|Botanical Name||Cedrus deodora|
|Common Name||Cedarwood, Cedarwood Oil|
|Country of Origin||India|
|Solubility||Soluble in alcohol & oil, insoluble in water|
|Specific Gravity||0.949-0.961 @ 15 C|
|Optical Rotation||(-25º27’) - (-37º15’)|
|Refrective Index||1.5030 - 1.5067 @ 20 C|
|PlantPart||Leaves, twigs, branches.|
|Bland With||It blends well with Rosemary, Chamomile, Eucalyptus and Citrus Oils.|
|Flash Point||Not Applicable|
|Extraction Method||Supercritical CO2 Extraction|
Cedars are trees that can grow up to 30–40 m height with spicy-resinous scented wood, thick ridged or square-cracked bark and broad level branches.
The ancient Egyptians used cedarwood oil to embalm, for perfumery and in cosmetics; the ancient Greeks also used cedarwood oil to preserve bodies as they believed it helped to make one immortal. It is thought that the Lebanon cedar tree may have been the original cedarwood tree that was used as cedarwood oil in ancient times. Its fragrance was useful as an insect, ant and moth repellent; it was also used greatly as a source for building materials.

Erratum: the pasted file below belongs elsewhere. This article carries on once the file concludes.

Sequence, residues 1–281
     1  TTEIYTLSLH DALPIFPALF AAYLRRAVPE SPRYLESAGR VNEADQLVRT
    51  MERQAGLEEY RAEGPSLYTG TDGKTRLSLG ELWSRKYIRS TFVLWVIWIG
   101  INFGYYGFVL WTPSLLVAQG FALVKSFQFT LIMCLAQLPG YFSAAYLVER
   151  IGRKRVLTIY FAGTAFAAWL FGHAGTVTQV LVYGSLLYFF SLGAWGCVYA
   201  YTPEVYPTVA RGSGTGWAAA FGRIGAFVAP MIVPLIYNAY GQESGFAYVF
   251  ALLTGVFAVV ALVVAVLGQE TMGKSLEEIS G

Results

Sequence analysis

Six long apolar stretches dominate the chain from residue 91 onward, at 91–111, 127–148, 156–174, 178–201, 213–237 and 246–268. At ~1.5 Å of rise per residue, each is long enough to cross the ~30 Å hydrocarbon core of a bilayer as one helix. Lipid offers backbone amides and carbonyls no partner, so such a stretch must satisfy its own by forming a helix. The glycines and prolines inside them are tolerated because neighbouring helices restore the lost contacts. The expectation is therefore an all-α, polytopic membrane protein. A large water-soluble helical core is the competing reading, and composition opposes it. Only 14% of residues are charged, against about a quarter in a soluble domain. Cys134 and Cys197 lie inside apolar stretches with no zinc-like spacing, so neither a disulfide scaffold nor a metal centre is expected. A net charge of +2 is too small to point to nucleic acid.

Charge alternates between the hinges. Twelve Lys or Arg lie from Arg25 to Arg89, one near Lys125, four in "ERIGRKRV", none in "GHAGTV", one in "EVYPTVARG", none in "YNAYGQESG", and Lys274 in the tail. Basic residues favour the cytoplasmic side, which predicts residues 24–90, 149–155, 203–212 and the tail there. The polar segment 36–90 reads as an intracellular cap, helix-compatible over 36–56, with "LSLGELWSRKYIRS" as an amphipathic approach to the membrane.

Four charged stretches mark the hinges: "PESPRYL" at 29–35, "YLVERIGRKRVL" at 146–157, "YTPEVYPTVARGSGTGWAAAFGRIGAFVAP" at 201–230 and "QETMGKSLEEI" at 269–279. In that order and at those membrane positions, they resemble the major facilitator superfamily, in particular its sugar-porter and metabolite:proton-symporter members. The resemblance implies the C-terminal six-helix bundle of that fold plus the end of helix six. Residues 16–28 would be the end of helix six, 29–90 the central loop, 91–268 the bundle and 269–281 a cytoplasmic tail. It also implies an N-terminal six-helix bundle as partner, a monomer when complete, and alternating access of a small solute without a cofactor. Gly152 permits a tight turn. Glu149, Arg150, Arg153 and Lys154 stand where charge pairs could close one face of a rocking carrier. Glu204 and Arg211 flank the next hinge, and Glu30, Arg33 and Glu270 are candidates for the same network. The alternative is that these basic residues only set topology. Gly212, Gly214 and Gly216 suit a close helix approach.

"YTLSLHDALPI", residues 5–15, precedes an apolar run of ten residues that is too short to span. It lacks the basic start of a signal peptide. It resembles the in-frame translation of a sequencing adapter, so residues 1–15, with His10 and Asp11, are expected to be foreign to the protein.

Color : Light yellow to pale brown viscous liquid with cedar odor,
Aroma : It has a woody aroma with some camphoraceous smell.
Its main chemical components are a-cedrene, b-cedrene, thujopsene, cedrol, widdrol and other
With its sedating ability, this essential oil benefits the skin and relieves itching. The astringent action of this oil is good for acne, oily skin and dandruff. It provides a calming and soothing effect on mind and is of great use in conditions related to anxiety and nervous tension